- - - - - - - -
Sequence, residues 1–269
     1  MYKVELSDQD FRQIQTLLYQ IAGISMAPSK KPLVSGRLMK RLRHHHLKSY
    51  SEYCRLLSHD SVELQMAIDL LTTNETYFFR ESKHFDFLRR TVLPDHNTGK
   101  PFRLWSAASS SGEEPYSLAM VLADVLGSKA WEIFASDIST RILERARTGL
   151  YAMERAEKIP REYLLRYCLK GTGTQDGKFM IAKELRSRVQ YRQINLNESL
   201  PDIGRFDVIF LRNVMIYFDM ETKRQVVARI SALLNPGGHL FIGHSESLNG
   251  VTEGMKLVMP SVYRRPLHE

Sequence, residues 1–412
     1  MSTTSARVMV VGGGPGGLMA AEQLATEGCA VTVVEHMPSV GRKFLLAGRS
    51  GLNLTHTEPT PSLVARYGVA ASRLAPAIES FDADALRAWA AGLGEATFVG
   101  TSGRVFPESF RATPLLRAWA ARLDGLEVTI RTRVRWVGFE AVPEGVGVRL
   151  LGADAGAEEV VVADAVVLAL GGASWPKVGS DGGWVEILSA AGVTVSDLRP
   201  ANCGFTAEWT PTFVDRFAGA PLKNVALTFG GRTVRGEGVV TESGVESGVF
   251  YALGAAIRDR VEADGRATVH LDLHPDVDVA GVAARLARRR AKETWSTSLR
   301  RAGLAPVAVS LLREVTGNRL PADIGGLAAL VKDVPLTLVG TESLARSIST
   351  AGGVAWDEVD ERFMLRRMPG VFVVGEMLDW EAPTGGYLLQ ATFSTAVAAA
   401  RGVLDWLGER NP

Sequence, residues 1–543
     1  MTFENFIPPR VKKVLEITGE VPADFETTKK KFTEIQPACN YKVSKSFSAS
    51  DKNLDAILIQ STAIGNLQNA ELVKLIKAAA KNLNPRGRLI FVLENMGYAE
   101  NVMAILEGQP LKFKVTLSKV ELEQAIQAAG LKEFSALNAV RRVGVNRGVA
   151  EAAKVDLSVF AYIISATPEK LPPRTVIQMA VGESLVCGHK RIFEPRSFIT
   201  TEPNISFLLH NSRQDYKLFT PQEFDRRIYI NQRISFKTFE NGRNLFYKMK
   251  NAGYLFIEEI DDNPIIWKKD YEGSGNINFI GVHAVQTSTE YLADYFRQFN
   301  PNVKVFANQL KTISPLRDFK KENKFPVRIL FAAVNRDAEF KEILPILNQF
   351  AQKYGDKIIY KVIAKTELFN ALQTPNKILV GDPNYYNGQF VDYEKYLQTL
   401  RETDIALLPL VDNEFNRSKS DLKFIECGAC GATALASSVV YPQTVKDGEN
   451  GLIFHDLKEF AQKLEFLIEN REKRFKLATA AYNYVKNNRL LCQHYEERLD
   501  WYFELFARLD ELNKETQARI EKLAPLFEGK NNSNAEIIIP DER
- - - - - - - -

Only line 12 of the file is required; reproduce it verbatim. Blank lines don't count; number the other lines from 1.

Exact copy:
   151  LGADAGAEEV VVADAVVLAL GGASWPKVGS DGGWVEILSA AGVTVSDLRP